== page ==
How mediation helps put divorcing families in control of their future
The breakdown of a marriage or civil partnership is very often a highly emotional time for the whole family. There are many painful decisions that have to be made before both parties can move forward to a new life.
If you’re separating or divorcing, you and your partner may find it difficult to resolve problematic issues surrounding your finances and the care and welfare of your children, and you may think that your only option is going to court to settle matters. However, in most circumstances, before you can approach the court you are now required by law to attend a Mediation Information Assessment Meeting (MIAM).
The purpose of this meeting is to see if by working with a professionally-trained mediator, a neutral third party, you could resolve the issues between you and avoid the need for court proceedings.
Finding common ground
It’s important to stress that mediation is an entirely voluntary process and represents a way of finding your own practical solutions to the problems that exist between you. Whilst it’s not there to sort out your relationship issues or get you back together (that’s the role of marriage counselling), mediation can help you take the practical decisions you need to agree between you once you’ve decided you are going to separate, or if you are already separated.
Obviously, for mediation to be successful you both need to agree to give it a try. By going through the mediation process neither of you should feel you have ‘won’ or ‘lost’, instead you should feel that you’ve reached a sensible mutually-agreeable solution.
How does it work?
Mediation can be undertaken at any stage and even before a separation, and offers couples several benefits:
- It gives families control over important decisions on matters such as their finances and how their children are cared for, rather than having the decision of a court imposed upon them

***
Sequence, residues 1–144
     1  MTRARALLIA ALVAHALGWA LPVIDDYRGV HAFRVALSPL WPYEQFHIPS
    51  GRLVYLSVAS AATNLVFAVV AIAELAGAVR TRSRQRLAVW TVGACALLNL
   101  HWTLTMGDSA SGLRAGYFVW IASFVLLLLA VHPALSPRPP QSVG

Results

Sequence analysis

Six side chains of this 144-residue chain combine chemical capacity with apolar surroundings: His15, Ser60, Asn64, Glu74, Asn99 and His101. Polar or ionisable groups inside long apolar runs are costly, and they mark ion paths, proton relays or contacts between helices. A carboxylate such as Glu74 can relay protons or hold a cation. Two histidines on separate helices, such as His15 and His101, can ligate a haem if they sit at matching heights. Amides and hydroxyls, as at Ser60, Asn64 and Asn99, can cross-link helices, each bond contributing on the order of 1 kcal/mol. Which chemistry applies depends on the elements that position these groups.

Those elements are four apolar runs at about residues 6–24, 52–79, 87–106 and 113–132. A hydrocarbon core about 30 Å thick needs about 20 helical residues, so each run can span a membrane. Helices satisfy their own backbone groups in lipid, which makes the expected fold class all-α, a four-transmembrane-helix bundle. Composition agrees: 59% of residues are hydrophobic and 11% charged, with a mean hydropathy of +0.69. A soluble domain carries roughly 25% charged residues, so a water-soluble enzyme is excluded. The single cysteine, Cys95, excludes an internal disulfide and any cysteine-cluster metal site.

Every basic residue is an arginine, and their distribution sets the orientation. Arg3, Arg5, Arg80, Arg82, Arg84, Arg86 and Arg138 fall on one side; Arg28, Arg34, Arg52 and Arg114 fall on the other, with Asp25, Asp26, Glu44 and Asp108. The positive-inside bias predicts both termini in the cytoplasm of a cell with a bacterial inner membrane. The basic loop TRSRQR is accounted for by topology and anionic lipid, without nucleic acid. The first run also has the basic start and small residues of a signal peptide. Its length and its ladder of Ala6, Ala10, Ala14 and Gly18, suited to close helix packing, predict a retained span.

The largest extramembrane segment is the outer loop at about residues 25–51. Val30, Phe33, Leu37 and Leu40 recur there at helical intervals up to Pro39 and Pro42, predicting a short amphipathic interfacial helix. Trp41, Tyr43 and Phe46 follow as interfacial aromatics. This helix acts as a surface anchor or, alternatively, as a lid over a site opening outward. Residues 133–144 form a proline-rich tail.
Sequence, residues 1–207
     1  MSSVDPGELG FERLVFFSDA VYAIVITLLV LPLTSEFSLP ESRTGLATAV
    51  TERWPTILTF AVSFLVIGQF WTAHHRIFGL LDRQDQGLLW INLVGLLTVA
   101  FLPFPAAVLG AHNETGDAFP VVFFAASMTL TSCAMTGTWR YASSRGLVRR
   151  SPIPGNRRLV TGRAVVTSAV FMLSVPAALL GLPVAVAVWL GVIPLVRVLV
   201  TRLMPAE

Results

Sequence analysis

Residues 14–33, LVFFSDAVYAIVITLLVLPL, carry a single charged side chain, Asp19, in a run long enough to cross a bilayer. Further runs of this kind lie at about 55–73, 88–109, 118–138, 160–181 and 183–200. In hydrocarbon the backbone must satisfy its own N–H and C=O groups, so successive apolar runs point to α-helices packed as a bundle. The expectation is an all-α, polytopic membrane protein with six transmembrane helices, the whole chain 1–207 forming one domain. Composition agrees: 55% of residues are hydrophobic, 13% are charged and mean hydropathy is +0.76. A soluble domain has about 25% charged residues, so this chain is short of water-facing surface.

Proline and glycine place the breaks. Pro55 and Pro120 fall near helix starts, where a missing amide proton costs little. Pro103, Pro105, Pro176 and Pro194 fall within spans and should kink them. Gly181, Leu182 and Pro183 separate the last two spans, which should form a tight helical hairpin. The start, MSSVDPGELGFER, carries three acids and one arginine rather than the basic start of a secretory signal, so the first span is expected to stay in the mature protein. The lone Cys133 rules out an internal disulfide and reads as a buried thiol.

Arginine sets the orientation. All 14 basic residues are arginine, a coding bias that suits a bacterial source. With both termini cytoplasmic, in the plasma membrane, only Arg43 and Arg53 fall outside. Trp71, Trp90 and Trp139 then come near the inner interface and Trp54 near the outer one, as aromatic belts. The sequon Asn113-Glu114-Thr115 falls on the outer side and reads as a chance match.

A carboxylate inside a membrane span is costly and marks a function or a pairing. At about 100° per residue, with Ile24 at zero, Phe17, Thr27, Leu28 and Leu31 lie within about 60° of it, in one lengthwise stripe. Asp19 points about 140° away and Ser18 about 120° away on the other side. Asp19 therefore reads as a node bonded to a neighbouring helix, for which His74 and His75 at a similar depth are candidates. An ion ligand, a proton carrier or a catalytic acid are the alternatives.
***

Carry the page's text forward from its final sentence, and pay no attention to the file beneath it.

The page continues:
- It can open up or help to create a dialogue that will assist both partners to deal with issues that arise in the future surrounding the care and welfare of their children
- It is often far less stressful, less confrontational, quicker and cheaper than going to court
What happens during a typical mediation session?
The role of a mediator is to seek out the common ground that exists between couples, using this as a springboard that will create the right environment to enable them to find solutions to their problems. Priorities and timescales will be established from the outset.
If there are children involved, then their welfare needs and contact arrangements will be a paramount consideration. If the couple are looking to work out a financial settlement between them, they will need to provide full financial information about all their assets and income.
What you each decide and agree in mediation can go on to form the basis of a legal agreement between you both, covering important issues such as how you will share the responsibilities of caring for your children and/or how your financial assets will be divided between you, and what ongoing support each of you may need from the other.
How we can help
We can provide the guidance and support you need if you are separating and divorcing. Our Chartered Legal Executive Advocate, Sarah Canfield, is a fully-trained all-issues Family Mediator. She takes a holistic approach to family and childcare issues, ensuring the best outcome for all involved. She has been undertaking family mediation regularly in family disputes since 2012, and is a member of Resolution and the Family Mediation Council. To find out more, call Sarah on 0203 871 0116 or email